Christmas: Gen Z Brits will cut back on turkey consumption and add more germs to Christmas dinners | United Kingdom | New


Tesco’s annual Christmas report has revealed that more and more Britons are forgoing the iconic Christmas turkey dinner as almost a quarter will be eating something else this year. The report also revealed that younger generations are more likely to try something new, as only 30% of 18-34 year olds will eat turkey this year, compared to 58% in 2021.

Many people have decided to switch to chicken for their holiday roast, but others will eat something less traditional, such as curry, pasta, pizza or frittatas.

The number of young people aged 18 to 24 who decided to try a dish inspired by different cuisines from around the world also more than doubled.

Other changes Gen Z will bring this year are the rise of “Friendmas” celebrations, where Christmas is celebrated with friends rather than loved ones.

The trend, which started during lockdown, has led more than one in ten young people aged 18-34 to plan to spend the holidays with friends, with 5% of Britons overall opting to share Christmas with friends.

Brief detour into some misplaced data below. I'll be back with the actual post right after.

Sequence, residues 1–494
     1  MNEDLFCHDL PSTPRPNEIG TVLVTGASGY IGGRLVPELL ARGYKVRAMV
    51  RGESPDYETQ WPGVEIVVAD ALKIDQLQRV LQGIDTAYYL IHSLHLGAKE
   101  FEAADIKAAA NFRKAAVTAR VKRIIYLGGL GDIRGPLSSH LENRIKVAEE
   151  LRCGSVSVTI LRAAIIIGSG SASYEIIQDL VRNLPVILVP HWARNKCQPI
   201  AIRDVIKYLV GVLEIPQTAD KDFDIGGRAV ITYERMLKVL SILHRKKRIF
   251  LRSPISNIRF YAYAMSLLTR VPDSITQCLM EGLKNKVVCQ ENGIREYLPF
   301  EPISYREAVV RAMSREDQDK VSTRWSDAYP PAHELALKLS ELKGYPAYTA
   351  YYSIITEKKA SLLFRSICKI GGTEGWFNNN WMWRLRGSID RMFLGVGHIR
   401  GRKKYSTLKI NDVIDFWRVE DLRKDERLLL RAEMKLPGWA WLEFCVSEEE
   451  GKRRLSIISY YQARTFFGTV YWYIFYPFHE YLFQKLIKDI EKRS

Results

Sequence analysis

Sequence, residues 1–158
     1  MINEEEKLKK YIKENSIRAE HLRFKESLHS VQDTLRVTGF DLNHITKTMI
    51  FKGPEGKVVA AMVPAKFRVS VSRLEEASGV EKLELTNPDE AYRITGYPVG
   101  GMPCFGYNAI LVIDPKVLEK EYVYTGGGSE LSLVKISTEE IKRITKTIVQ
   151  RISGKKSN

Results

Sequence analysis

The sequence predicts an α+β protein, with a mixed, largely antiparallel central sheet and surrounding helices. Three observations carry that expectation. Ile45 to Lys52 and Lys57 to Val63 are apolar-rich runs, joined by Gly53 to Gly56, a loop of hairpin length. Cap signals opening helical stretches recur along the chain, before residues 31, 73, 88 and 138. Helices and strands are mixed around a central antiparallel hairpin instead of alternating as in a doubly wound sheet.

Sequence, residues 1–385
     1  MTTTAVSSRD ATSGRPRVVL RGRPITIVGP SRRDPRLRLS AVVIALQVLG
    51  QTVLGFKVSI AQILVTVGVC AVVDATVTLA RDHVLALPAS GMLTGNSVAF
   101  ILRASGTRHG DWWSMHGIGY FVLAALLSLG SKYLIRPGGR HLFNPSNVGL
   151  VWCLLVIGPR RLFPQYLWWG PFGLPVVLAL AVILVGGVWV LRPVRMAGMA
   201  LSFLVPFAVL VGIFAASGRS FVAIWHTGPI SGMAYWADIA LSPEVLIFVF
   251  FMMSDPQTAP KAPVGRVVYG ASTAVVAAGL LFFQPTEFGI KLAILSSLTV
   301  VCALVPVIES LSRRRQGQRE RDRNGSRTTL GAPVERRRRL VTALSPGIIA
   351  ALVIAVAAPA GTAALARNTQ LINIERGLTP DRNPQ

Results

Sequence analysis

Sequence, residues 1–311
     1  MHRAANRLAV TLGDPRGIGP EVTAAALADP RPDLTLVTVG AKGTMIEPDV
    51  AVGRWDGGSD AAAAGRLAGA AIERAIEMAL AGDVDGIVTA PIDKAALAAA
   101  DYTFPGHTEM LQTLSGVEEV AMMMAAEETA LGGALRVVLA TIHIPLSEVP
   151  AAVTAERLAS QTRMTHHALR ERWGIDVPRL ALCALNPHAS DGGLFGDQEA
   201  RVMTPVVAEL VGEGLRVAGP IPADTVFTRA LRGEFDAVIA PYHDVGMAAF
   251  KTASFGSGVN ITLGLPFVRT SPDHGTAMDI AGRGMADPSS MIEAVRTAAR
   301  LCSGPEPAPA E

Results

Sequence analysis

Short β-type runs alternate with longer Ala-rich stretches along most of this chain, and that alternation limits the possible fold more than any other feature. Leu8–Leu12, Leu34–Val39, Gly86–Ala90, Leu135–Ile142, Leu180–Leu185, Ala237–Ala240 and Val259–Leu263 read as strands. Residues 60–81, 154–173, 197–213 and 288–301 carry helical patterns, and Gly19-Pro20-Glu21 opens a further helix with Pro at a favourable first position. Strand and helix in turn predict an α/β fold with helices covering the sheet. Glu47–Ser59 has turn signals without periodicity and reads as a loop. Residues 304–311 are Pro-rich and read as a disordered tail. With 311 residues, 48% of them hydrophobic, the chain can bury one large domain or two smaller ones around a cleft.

Although young people have decided to ditch the turkey, other Christmas favorites are making a comeback.

Brussels sprouts, once considered the worst Christmas dish, have grown in popularity with younger generations, with the number of 18 to 24 year olds who say they “like” them rising by 69%.

The pâté as a starter for Christmas has also been revived thanks to Generation Z – as 8% of 18-24 year olds will eat it this year, compared to 4% last year.

The Christmas pudding is growing in popularity among all generations of Britons, but the number of young people taking the traditional dessert this year has more than doubled, from 8% in 2021 to 17% in 2022.

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Some households will not be as happy as other holidays this year as the number of Brits identifying as teetotalers has increased.

Two in five Gen Z Britons said they would drink less alcohol over the holiday season, compared to 21% of all adults.

Some drinks have also become less popular, as the number of people drinking red wine has fallen from 28% to 7% over the past five years.

Prosecco proved to be the drink of choice for the country this Christmas at 16%, followed by Champagne at 12%.

The Scots in particular loved the fizzy drink, as 24% of Edinburgh residents said they would have a glass of Prosecco.


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